Friday, December 30, 2011

Review of Welcome Home, Sir

Welcome Home, Sir takes the reader into three realms that may well be unfamiliar territory: the biochemistry lab, Israel's Golan Heights, and the world of hypochondria. The main character, Doctor Ethan Meyer, has served in Israel's military, and key experiences show up in frequent brief flashbacks. Now he runs an American university lab and deals with the inevitable politics that turn vicious and may destroy a career almost before it begins. Privately, he worries that every twitch, every variation in his pulse is the first sign of a terminal disease. He knows he's a hypochondriac and sees a doctor to help him struggle against it.

All of this makes for a good premise. The idea is that Meyer's hypochondria stems from his military experience, but that doesn't come through clearly enough in the novel. The chapters are too short and need development. As far as it goes, the novel is well-written and enjoyable, but it literally falls short. I recommend the novel for its insights into new territory, but it really needs to be at least twice as long.

Sunday, December 25, 2011

Review of The Stasi File

The Stasi File impresses on several levels: author Peter Bernhardt knows Germany, he knows opera, and he knows how to write a solid thriller.

The time is the early 1990s, and Communism is crumbling. The Berlin Wall has fallen. East Germany is a failed state with an uncertain future. Will it even remain independent, or will West Germany absorb it? Some fear a resurgent, powerful Germany, while others see reunification as crucial to the future health and stability of Europe.

The Stasi, the newly defunct East German secret police, hate and fear the prospect of reunification. Attorney Rolf Keller is sent from America to Berlin to obtain a secret Stasi file that may be critical to the West. Meanwhile, the opera singer Sylvia Mazzoni has a past that embroils her in a dangerous game of espionage, whether she likes it or not. She sings a key role in Bizet's Carmen. What is in store for her? A bright career, arrest, or death? Keller and Mazzoni have to work together, but can they trust each other? And what is the real threat?

The Stasi File reads smoothly as Bernhardt builds the tension from multiple viewpoints and brings the story to an exciting and satisfying conclusion. This is the work of a pro that deserves a wide audience.

Wednesday, December 21, 2011

Review of The Power of Validation

How can parents raise a child who has the confidence to avoid peer pressure, deal with bullies, avoid self-harm, and get a proper grip on emotions? That is the goal of The Power of Validation, a practical, commonsense book on child-rearing that many readers may wish their own parents had known about.

What is validation? It's "the recognition and acceptance that your child has feelings and thoughts that are true and real to him regardless of logic or whether it makes sense to anyone else," the authors write. No, it doesn't mean giving in to their demands or necessarily agreeing with their feelings. It might well mean "Yes, I understand that this is what you want to do, but we're doing something else right now."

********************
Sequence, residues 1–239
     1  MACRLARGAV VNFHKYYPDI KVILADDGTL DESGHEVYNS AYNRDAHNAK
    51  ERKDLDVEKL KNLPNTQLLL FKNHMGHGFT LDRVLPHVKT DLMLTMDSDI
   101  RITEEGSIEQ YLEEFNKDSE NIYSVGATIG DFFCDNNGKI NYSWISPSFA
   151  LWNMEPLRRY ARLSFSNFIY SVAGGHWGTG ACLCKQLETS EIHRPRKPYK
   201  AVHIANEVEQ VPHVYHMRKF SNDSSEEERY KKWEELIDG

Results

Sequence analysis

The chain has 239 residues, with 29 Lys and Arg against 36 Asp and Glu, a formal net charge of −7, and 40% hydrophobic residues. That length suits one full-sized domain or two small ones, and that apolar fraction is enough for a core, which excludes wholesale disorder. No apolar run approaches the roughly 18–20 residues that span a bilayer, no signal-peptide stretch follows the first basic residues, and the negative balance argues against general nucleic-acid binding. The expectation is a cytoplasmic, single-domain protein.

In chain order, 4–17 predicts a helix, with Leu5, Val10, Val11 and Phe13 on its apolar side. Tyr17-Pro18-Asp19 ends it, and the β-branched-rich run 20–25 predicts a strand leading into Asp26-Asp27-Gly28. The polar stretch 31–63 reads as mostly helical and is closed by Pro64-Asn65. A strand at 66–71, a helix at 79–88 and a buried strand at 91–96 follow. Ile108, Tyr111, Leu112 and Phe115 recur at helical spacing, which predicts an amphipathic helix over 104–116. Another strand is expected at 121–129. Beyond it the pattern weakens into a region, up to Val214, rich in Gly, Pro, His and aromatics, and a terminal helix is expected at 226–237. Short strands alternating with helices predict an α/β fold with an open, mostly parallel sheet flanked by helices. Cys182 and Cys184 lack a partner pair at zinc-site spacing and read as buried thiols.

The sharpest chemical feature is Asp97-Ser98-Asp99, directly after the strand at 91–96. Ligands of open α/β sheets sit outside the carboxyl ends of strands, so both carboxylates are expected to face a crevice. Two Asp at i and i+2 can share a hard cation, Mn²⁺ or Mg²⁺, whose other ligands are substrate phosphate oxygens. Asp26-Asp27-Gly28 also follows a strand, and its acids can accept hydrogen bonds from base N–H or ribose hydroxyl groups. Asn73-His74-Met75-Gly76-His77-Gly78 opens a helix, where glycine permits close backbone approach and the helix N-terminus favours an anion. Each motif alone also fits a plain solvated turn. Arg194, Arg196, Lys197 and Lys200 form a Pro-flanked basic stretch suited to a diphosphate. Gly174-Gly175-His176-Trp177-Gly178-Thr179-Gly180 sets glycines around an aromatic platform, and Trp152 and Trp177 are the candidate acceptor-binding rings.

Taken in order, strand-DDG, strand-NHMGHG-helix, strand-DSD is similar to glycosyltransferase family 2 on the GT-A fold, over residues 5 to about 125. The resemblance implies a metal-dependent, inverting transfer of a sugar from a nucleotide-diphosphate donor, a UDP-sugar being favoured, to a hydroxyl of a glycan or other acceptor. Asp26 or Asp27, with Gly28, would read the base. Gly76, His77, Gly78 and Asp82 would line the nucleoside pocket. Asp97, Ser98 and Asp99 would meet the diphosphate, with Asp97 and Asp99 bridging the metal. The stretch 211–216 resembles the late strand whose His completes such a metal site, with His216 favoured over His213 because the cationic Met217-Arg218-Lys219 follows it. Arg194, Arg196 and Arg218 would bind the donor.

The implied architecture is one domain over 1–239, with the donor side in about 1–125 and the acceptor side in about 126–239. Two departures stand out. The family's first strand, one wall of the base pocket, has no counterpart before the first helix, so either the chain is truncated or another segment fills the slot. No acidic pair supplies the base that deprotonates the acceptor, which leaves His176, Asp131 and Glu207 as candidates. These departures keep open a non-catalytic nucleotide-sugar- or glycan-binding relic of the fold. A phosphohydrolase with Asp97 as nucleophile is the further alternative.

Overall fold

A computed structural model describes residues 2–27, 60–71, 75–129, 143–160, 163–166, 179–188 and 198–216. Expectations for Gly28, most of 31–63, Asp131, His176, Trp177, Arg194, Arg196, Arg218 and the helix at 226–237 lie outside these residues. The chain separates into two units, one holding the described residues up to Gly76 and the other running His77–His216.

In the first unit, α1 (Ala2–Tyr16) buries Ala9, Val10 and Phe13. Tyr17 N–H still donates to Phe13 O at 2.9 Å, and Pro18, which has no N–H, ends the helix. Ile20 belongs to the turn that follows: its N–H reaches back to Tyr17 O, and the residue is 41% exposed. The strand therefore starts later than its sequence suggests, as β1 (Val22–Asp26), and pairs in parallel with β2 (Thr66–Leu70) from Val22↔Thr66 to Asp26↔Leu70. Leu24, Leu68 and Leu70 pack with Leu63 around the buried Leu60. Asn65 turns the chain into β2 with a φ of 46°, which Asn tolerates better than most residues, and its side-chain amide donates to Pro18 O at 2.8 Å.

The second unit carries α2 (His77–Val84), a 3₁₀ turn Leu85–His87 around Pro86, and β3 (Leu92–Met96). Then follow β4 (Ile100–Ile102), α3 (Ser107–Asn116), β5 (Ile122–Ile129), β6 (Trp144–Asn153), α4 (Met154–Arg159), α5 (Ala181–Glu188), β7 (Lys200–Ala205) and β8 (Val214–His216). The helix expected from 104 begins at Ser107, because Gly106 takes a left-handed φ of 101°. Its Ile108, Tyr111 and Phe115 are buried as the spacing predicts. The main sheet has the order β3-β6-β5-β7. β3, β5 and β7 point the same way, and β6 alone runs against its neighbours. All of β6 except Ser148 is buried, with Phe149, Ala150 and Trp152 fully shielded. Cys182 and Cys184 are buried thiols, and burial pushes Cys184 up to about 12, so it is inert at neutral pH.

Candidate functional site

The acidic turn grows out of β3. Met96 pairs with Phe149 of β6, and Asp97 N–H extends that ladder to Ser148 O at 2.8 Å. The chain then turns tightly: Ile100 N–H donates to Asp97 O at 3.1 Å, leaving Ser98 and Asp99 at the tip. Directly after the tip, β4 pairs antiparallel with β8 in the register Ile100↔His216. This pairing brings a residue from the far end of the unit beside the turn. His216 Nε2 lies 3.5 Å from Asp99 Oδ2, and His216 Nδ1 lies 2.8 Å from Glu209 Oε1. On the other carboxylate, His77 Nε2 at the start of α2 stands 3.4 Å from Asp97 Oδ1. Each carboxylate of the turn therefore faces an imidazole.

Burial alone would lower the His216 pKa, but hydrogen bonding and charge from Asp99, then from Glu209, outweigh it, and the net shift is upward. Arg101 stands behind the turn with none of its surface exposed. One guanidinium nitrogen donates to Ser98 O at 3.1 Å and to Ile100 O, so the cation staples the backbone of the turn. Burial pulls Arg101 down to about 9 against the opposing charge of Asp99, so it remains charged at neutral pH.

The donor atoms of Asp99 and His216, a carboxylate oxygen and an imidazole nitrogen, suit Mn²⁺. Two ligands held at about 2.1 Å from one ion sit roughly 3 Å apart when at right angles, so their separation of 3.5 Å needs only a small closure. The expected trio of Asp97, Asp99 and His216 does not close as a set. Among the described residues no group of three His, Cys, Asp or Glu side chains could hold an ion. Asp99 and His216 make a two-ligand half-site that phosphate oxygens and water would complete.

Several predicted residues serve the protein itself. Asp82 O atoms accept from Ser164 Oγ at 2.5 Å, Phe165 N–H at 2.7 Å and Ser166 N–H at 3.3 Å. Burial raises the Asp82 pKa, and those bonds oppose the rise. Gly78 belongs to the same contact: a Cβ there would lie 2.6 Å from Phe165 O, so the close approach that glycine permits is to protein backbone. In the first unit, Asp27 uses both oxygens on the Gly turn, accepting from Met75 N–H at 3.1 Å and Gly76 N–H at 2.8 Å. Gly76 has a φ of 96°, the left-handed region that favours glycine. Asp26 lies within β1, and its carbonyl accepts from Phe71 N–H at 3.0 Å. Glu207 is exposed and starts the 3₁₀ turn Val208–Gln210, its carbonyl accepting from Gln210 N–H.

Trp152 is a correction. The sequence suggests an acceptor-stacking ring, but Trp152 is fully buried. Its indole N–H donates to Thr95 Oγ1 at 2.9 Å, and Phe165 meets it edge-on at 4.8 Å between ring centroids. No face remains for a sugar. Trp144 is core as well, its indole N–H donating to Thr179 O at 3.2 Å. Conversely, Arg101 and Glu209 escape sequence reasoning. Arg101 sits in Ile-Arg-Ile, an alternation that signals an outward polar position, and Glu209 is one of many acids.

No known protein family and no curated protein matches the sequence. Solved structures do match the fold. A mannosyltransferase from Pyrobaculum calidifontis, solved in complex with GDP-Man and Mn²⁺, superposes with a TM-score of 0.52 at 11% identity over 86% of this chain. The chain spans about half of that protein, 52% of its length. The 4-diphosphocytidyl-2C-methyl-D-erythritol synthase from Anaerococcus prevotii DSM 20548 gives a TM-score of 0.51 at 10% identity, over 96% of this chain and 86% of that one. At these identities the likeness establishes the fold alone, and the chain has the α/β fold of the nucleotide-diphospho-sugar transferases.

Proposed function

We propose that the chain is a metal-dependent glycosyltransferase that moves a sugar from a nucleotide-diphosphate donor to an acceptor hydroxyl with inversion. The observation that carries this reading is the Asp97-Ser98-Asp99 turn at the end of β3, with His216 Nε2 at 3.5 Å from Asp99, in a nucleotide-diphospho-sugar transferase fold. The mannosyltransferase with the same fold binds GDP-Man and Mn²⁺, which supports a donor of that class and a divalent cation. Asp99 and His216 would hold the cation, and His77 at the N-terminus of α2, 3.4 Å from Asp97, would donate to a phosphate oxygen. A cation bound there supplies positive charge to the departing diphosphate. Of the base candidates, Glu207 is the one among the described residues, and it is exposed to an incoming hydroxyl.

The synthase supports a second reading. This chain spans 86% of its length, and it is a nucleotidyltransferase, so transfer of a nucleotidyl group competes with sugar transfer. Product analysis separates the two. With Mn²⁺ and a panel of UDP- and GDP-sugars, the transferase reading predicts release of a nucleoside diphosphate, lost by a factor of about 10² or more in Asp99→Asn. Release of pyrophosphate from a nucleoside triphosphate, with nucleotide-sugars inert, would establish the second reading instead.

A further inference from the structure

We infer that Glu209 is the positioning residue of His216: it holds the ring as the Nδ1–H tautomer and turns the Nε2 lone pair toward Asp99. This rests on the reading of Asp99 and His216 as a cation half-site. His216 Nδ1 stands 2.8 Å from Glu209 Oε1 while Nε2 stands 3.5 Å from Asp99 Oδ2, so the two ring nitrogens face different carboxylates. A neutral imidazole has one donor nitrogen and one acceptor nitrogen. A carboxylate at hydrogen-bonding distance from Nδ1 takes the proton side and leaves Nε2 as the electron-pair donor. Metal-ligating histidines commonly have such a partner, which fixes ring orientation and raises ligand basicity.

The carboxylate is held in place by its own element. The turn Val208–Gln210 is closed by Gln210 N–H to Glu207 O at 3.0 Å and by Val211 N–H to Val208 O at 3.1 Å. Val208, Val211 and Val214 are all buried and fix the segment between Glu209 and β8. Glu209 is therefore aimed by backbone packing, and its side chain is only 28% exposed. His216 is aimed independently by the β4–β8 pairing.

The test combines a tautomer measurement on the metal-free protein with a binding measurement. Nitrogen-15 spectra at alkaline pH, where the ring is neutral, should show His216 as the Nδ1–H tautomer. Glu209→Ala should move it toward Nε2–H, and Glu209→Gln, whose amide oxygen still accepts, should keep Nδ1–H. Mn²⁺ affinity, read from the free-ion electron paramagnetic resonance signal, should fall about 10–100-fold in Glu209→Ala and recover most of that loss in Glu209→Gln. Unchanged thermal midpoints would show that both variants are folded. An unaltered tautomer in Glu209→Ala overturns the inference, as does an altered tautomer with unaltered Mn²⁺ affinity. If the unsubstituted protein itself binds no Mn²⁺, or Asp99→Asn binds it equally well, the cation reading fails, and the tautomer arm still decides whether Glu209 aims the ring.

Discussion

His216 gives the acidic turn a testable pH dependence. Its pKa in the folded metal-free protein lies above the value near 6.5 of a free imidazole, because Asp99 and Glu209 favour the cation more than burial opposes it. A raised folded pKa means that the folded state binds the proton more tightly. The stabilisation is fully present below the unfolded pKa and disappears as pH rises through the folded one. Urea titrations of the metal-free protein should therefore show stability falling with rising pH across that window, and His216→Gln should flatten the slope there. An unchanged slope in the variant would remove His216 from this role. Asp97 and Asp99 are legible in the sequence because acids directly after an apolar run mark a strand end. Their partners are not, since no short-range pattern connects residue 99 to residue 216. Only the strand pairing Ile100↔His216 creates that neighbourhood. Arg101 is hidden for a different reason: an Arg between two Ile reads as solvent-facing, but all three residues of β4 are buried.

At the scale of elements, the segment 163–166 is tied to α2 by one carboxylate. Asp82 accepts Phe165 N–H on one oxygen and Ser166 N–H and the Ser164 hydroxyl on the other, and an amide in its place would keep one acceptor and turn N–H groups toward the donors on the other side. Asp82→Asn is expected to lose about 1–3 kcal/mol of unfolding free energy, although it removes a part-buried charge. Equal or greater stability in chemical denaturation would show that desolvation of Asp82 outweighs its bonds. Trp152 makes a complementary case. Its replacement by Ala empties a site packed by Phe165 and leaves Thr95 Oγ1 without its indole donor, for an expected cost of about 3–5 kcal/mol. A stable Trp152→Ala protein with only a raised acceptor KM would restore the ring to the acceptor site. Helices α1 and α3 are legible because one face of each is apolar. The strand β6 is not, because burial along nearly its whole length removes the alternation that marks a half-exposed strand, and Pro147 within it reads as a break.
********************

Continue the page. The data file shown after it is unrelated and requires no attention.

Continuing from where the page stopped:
This book shows that validation promotes a healthy, well-deserved self esteem that is based on children fulfilling their potential. Parents learn how to deal not only with children's worry, anger, fear, and jealousy, but with happiness, joy, and having fun. "The idea is to allow independence, interests, and imperfection while recognizing and accepting your child's weaknesses and strengths," the authors write.

The book has occasional exercises that help readers try out the principles themselves, and they are all easy to understand.

If only I could, I would travel back in time with two copies of The Power of Validation. One would go to my parents when they had their first child, and the other would be for when I became a parent.

Monday, December 19, 2011

Review of Totally Buzzed

Totally Buzzed is a lively murder mystery that's full of humor and potential.

A body turns up in the crawl space underneath a Wisconsin farmhouse, and the vic turns out to be a local woman named Carole Graff. Who killed the poor woman, and why? Luckily, retired investigator Buzz Miller takes on the case. She's smart but a little crazy, just like the friends and family who get mixed up in the case.

The story has all the elements of an intriguing mystery and contains plenty of interesting detail about forensics. There is no problem with the plot.

The question that comes to mind, though, is this: Is Totally Buzzed a murder mystery that happens to be funny, or is it a comedy that happens to include a murder? At times it's hard to tell as the story pauses for a joke or for some totally unhinged silliness that may or may not advance the plot. Buzz, who is fifty-something, has a sister Margaret, whom she regularly calls "Maggot." That's the talk of a twelve-year-old, and much of the dialog is laced with mild profanity. That is fine for establishing a character trait or for showing how a person talks in certain situations, but it's greatly overdone here. And for the family dog to pass gas once might be cute--and is probably enough. Humor can be tough, because not everyone laughs at the same things. As a general rule, though, not many people laugh at the same clever line or funny event twice.